Starting this year, migrants applying for visas to enter the UK for more than six months will not be issued with long-term visas. Instead, a successful applicant will be issued with documentation allowing him or her to enter the UK to collect a Biometric Immigration Document (BID).

The roll-out of this new process for overseas applicants will be phased in from February 2015, starting with nationals of Pakistan. Click below for the list of the countries whose nationals will be required to obtain a BID:

From 31 July 2015, the BID process will apply to all overseas nationals.

Process to obtain a BID

The current UK visa application process requires applicants, whether applying overseas or in the UK, to enrol their biometric data, i.e. a scan of fingerprints and a digital photo. However, while migrants in the UK have been issued with a biometric residence permit (BRP), which is a type of BID, for the past few years, those applying overseas have simply been issued with visa endorsements in their passports.

As part of the new online application process for overseas applicants, an individual will now be required to provide an address (such as a sponsor's address or an intended residential address) in the UK which will determine from which one of the “almost 200” (out of 11,500) UK Post Office branches he or she may collect his or her BID.

A successful applicant will then receive two documents:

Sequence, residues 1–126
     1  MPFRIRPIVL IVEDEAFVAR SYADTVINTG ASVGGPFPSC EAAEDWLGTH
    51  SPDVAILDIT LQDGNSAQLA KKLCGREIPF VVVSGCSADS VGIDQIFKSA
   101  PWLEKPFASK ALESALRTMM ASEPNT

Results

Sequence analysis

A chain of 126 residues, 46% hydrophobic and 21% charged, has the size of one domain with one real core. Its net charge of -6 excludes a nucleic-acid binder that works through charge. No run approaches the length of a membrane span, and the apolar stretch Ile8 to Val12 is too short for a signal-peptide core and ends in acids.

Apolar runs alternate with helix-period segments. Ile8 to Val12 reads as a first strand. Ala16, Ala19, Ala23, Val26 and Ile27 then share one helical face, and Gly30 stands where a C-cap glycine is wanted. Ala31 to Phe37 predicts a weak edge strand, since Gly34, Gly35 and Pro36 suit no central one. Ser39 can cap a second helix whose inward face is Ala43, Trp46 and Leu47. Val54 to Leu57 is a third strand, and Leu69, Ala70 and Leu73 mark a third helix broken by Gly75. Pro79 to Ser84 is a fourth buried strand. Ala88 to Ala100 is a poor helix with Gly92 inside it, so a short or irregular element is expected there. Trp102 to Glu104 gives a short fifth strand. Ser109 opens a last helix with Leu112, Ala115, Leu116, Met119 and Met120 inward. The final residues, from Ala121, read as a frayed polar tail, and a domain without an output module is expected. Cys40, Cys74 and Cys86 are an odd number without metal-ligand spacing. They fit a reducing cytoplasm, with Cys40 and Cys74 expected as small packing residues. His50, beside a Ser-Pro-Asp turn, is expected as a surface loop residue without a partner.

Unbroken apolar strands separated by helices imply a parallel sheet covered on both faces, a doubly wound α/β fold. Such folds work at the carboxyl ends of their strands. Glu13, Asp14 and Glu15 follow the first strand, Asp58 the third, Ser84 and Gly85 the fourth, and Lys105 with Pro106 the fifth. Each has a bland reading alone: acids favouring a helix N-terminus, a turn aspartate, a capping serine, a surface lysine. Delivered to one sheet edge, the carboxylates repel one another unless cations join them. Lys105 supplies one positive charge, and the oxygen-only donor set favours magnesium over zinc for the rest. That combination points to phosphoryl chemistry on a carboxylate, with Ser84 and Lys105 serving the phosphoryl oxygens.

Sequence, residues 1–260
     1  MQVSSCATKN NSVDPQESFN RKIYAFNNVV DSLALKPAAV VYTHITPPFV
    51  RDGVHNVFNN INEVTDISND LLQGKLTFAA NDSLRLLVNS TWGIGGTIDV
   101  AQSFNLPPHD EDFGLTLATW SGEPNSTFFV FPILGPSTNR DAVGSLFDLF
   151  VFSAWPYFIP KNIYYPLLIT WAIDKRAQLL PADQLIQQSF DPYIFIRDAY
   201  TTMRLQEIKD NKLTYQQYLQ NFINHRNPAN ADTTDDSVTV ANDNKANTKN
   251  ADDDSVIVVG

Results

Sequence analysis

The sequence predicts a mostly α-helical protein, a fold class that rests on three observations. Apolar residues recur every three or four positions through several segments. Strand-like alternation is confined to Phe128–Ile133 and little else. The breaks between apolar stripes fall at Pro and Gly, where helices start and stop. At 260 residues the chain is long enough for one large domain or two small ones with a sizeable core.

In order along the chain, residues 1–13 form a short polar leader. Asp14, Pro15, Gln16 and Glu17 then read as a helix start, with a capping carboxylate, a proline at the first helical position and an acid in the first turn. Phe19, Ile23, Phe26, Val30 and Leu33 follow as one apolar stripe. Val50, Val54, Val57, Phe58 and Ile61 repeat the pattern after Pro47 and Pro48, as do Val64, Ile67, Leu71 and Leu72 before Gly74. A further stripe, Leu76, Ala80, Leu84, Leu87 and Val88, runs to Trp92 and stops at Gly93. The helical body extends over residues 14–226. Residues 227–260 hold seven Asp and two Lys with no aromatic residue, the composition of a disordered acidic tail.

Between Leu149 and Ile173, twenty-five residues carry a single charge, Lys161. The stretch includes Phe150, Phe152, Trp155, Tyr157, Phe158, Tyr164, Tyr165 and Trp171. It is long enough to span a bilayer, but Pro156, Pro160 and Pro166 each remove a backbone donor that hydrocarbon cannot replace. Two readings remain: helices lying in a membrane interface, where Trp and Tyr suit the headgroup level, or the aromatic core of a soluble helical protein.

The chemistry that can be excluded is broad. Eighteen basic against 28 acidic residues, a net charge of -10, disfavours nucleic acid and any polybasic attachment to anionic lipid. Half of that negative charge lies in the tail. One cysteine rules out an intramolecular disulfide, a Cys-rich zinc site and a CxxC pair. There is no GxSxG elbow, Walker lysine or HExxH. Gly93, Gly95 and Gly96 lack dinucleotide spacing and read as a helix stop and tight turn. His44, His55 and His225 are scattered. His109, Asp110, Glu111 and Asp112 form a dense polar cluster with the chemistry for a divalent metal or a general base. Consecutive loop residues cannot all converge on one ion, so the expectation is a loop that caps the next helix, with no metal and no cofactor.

• a decision letter which sets out the leave granted and explains the BID collection process; and
  • a short term visa vignette in the migrant's passport. This visa will have a validity of only 30 days from the expected date of travel to enable the migrant to travel to the UK and to collect his or her BID.

A migrant would then need to present both documents upon entry to the UK. Once in the UK, the migrant would need to attend the designated Post Office indicated on the decision letter to collect his or her BID within a specified timescale. Migrants should be aware that their BIDs can be cancelled if they fail to collect them within the timescale set by UK Visas & Immigration (UKVI).

Implications for employers carrying out ‘right to work’ checks

It is often the case that a migrant's start date of employment is shortly after his or her entry to the UK – sometimes as early as the same or next day. As UKVI currently states that neither the new decision letter nor the short term visa vignette can be used as evidence of a migrant's leave or rights while in the UK, it is vital that all migrants, particularly sponsored workers, promptly collect their BIDs.

Timely collection of a BID is also imperative as employers are required to carry out ‘right to work’ checks prior to the commencement of employment. It is not yet confirmed whether the Prevention of Illegal Working guidance will be amended to provide employers with some flexibility so that a migrant's initial visa and decision letter can be used evidence of a migrant’s right to work while the migrant awaits collection of his or her BID. However, based on UKVI's latest announcements, this is unlikely to be the case.